The Naming of Our Mother-Lines by Cynthia Garrity-Bond
I am Cynthia, daughter of Pauline, daughter of Ellen, daughter of Mary. I first spoke this litany of names at a retreat given by Carol Christ. As we entered the chapel, each woman was given a rose to place in the center of the circle after she recited her own mother line. Simple but incredibly powerful, a beautiful reminder of our matriarchal inheritance.
The reflection of this ritual is all the more rich because today is my birthday. Especially since my mother’s death in 1990, March 9 is a day of reflection on our complicated mother-daughter relationship with all its highs and lows that marked our lives. But what I really miss from her are the stories told around the kitchen table, starting with the uniqueness of each of our births. With each one, the hope and expectation of both parents was for a daughter. Not until the fourth birth did their plea to St. Jude, patron saint of lost causes (and our family’s most depended on saint), bring forth their highly anticipated girl.
Growing up I loved to hear the details of my birth and naming, especially from my mother’s point of view. While my father’s version of my birth was worthy, it was my Irish mother’s gift of gab and storytelling that kept me captivated. It did not matter how many times I heard my story, it was always as if the telling was for the first time. I can picture us around the dinner table, chins supported by clasped hands, eyes fixed and focused on our mother. It never mattered whose story was told, it was always a welcomed, communal event. We repeated the same questions of concern and curiosity particular to each story even though we already knew the answers. Something about the asking drew us into a tighter circle of familiarity and strength.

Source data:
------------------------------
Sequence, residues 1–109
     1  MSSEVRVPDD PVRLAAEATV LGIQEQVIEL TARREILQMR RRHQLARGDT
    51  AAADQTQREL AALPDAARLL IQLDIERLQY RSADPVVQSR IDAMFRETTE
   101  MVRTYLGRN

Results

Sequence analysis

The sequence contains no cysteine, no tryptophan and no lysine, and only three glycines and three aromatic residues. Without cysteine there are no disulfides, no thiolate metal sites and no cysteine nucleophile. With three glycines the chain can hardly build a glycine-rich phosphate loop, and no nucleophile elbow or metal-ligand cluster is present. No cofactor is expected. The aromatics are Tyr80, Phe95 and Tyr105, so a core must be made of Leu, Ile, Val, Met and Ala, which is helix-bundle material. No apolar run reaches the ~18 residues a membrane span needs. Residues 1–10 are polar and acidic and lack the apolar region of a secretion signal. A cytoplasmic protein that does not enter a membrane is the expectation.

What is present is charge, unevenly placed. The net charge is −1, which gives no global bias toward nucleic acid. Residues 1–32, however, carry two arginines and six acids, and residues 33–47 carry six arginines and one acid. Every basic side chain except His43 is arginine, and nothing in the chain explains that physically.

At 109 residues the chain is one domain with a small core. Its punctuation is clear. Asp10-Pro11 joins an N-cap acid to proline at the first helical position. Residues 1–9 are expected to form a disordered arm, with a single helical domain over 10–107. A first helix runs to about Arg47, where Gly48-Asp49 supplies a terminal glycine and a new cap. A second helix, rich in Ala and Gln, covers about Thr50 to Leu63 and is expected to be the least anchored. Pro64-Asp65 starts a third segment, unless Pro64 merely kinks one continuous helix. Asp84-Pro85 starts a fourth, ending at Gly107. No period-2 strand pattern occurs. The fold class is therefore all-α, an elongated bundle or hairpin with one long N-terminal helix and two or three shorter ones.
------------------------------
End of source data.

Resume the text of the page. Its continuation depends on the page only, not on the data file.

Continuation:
Each of us came into the world under completely different circumstances, which came to frame our personal narrative. William Gordon, my half-brother, never knew his birth mother. She died from leukemia just twelve months after giving birth. So while Mom could not give detail to the particulars, she would tell us, and in particular Billy, how she became wife and mother on the same day. Which under any other circumstances could be considered cause for anxiety but she loved the formula. The next brother, Charles Peter, Mom’s first, came into the world breech, shredding her to the point of receiving last rites and two reconstructive surgeries before the birth of brother number three. Given the complications of her first delivery, Michael Paul’s arrival was under heavy anesthesia. With the exception of Michael, the telling of this birth would have us roaring with laughter. The story goes that once Mom woke from her “twilight sleep” the nurses presented her with son number three, which she immediately rejected as too ugly to be hers. I have seen photos of Michael and I have to concur with Mom’s initial assessment–he was in fact the ugliest baby I have ever seen. He was long, very long and lean to the point of emaciated. He had a full head of wild jet-black hair that converged over his entire body. His complexion was a deep olive, offsetting his rather large, protruding hooknose. Each time the nurse attempted to place Michael in her arms, she rejected him. Obviously at some point in this exchange Mom relented and accepted him as her own. In her attempt to assuage Michael’s growing sense of inferiority, she reassured him and the rest of us, that time and extra formula would transform the ugly duckling into a worthy prince.